NEW YORK Scrap
dealers and steel mills in Chicago and Indiana continued to
look for direction on prime scrap prices for October, but other
markets were quick to follow trends established by Detroit in
another busy day of trading.
A late push by most
Detroit-area mills Oct. 2 to trade at prices that were mostly
unchanged from September set the tone for other markets as
mills in Canada and Texas followed suit a day later.
price assessments for Detroit were mostly unchanged, barring
No. 1 heavy melt and 5-foot plate and structural, which slipped
$2 to $341 and $358 per gross ton, respectively, brought on
mostly by a single mill that successfully lowered tags ever so
The same mill was able
to push No. 1 bundles in Detroit down $5 per ton, putting
AMMs assessment at $390 per ton.
Meanwhile, prices for
shred and No. 1 busheling in Detroit were unchanged at $354 and
$400 per ton, respectively.
A mill buyer in the
region said the decision to trade sideways on No. 1 busheling
was prompted by dealer threats of reduced supply if prices
dropped. "The understanding from the dealers was that they
would pull tons back if we went down some, so buyers accepted
dealer terms. If prices start falling in October and November,
it goes up a lot in December. We may have averted that," he
In the St. Louis area,
market participants said most grades traded sideways to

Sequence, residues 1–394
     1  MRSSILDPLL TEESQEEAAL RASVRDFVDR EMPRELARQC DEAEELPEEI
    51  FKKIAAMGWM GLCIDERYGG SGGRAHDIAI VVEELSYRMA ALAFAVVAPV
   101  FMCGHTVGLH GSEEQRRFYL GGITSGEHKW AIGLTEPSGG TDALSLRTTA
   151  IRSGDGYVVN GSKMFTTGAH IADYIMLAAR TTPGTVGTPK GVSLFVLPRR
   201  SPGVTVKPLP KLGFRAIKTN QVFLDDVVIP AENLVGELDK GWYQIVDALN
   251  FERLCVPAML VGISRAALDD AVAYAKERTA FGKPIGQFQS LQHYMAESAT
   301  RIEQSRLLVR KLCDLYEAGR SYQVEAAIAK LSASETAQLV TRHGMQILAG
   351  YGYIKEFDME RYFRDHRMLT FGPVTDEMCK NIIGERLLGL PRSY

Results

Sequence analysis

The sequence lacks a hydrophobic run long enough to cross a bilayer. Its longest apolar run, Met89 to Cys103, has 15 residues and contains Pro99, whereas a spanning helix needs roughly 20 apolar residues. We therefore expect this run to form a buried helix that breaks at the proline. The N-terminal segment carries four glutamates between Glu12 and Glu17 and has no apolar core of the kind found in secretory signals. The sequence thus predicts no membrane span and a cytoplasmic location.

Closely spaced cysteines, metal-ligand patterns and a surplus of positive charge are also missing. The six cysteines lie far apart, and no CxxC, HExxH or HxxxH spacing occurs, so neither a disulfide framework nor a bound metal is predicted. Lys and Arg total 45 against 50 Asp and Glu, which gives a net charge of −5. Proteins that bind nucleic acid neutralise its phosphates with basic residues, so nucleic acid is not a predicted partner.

September despite attempts by some buyers to drive down prime
prices by as much as $10 per ton. Some sources reported prime
trades at sideways to down $3 per ton, with all other grades
In Chicago, sources
said there was still some uncertainty on where prices for
obsolete and prime grades will finish as dealers continue to
push for better pricing on the last tons.
Outside the Midwest,
mills around the Houston area and in Canada reportedly booked
all grades at prices unchanged from last month, and sources
suggested that other regions could follow suit.
However, sources in
Alabama said prime grades could move down slightly when the
dust has finally settled. Some mills reportedly managed to pick
up some tons at down $10 per ton, but several deals at sideways
prices also were recorded.
In the Carolinas,
sources said deals on cuts and primes were being done at
sideways to down $9 per ton. "The market is sideways to off
just a little bit. It all depends on who you sell to and where
you are going with it, but the market has bottomed," a broker
across the Southeast suggested that mills are increasing their
buys as they sense the market has bottomed as winter
Cleveland are still firming up, but aside from prime scrap
these cities are expected to move sideways, sources said. They
added that prime scrap prices could slip a little following
some deals at down $10.
Pittsburgh, contributed to this story.